Cycads are living fossils and they make beautiful additions to many landscapes.
Cycads are called fossils because they have remained unchanged for over 200 million years. By comparison, our modern apple tree is a mere 4,000 year resident. Dinosaurs from the Jurassic and Cretaceous periods are believed to have used cycads as their primary food source. While these plants were abundant in prehistoric times, they are now seriously threatened and could use a little help.
While cycads look like a cross between a palm and a fern, they are more closely related to pine trees and Ginkgo plants, botanically speaking. Cycads feature a thick trunk that does not branch and a crown of large, stiff evergreen leaves that grow directly from the top and center of the trunk in a rosette formation. Cycad leaves are very large, when compared to the trunk, and are pinnate, which means they are shaped like a feather. The Sago Palm (king sago, sago cycad, Japanese sago palm) is the most well known variety of this family. Breadtree and the Jamaican Sago are two other varieties. Cycads can be as small as a few centimeters or as tall as several meters.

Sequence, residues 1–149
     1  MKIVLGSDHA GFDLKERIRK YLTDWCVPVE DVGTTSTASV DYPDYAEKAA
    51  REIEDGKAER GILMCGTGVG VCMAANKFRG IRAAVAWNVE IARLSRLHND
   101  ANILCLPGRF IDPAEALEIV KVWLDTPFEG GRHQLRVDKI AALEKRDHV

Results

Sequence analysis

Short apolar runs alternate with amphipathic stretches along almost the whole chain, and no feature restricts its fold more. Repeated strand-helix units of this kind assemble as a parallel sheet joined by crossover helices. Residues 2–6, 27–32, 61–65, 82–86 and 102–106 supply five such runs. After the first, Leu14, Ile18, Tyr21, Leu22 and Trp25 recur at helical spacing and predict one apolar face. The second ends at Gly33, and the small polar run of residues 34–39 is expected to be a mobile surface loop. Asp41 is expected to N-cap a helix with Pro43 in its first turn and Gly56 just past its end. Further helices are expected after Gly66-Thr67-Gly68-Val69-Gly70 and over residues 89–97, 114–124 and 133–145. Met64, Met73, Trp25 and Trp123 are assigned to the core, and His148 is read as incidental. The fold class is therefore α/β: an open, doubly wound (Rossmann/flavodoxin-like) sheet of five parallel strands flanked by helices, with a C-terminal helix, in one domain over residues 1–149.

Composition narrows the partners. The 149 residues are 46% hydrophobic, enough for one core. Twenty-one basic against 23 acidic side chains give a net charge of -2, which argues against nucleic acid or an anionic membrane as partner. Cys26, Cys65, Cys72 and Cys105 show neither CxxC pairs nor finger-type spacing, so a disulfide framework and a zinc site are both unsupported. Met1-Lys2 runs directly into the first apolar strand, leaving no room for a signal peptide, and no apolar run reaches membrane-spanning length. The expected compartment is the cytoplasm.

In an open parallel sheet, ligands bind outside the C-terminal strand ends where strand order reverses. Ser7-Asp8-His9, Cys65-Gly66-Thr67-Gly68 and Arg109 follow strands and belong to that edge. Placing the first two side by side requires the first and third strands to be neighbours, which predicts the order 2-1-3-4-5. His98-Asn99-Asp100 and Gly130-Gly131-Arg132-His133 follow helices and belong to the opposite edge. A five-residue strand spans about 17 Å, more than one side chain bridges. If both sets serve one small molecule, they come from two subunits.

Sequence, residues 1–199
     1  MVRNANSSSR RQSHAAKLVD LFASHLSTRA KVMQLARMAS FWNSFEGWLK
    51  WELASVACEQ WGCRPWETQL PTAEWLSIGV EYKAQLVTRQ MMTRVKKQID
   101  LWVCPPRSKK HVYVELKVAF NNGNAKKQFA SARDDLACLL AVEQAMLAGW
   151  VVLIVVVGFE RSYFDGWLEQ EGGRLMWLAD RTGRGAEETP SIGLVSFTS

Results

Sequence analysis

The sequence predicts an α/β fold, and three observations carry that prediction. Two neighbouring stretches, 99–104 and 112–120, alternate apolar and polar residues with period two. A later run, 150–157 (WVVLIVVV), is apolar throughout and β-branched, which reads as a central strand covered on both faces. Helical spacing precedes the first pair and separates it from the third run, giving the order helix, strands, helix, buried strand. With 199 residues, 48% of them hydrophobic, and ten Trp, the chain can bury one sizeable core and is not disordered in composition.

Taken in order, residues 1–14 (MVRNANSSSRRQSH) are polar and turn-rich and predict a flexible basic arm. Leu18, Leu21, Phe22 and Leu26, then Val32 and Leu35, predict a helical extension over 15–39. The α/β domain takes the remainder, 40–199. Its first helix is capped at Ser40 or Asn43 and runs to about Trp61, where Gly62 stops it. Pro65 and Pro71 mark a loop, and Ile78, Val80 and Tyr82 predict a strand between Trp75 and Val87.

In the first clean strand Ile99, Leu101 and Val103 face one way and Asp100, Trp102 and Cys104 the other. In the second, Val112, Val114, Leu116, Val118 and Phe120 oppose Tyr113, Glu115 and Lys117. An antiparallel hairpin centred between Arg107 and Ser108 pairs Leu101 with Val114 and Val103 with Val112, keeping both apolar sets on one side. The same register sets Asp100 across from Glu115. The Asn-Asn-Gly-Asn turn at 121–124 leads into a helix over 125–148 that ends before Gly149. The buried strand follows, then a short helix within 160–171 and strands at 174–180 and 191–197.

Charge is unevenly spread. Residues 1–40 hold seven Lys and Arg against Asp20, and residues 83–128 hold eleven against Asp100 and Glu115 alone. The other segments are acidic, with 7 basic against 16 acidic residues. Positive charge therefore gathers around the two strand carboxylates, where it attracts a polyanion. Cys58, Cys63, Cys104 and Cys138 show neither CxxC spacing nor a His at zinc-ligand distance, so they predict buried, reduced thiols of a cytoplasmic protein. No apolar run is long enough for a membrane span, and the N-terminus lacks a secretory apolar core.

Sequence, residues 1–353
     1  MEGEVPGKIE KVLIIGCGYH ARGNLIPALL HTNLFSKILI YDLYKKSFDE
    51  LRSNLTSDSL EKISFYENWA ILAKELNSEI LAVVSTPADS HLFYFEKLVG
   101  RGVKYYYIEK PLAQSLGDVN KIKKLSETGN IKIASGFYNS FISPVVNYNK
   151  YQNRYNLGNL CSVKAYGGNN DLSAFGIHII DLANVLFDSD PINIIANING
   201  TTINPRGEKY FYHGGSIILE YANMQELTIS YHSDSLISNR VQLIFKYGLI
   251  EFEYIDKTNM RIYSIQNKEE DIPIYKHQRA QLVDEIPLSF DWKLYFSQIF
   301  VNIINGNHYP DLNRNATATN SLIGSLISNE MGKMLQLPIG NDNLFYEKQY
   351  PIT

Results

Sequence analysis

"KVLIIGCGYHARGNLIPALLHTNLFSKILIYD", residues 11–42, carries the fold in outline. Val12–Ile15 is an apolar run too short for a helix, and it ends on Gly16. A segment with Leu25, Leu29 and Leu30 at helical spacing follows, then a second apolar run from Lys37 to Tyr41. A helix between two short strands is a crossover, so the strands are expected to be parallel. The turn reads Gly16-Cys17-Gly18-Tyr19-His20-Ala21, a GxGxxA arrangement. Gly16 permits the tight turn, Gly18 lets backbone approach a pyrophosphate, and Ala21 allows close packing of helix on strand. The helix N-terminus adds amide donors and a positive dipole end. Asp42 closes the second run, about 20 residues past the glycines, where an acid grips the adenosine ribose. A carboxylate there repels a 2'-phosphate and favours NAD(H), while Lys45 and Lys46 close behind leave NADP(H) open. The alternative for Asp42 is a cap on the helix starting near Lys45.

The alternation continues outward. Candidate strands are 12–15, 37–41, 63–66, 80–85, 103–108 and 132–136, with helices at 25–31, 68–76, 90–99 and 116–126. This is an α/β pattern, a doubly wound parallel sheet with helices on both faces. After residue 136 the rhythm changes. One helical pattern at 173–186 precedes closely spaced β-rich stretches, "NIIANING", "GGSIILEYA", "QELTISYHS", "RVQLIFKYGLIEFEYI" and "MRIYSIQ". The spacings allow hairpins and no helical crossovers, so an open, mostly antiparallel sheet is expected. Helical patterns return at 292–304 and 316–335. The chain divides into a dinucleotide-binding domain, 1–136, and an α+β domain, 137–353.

Like pine trees, cycads are gymnosperms. This means they produce naked seeds in cones. These seeds are pollinated by specific varieties of beetles. Plants are either male or female, a condition called dioecious. Once a seed germinates, the plant may live for 1,000 years, but it grows very slowly. Just as legumes have evolved with soil microorganisms to fix nitrogen, cycads have a similar arrangement with a bacteria that lives in its roots.
Currently, there are less than 300 existing species, most of them found in tropical and subtropical areas. Most varieties of cycad are critically endangered, according to the CITES Appendix. Microcycas, in particular, has only 600 living specimens. These primitive plants are dying off for a variety of reasons, including habitat loss, over-collecting, forestry, and pesticide use. Since cycads rely on specific beetles for pollination, the death of the beetles leads to the death of a species. Armored scale infestations have also become a serious threat.
Cycads are strikingly beautiful plants and they require little or no care, once they are established. In fact, watering a cycad is a bad idea. Simply leave them alone and they will be fine. By planting cycads in your landscape, you are increasing the global population of this threatened form of plant life. Once your cycads produce seeds, you can share them with friends and neighbors!
I hope this information inspires you to grow more of your own food. You can ask your garden questions on my Home page.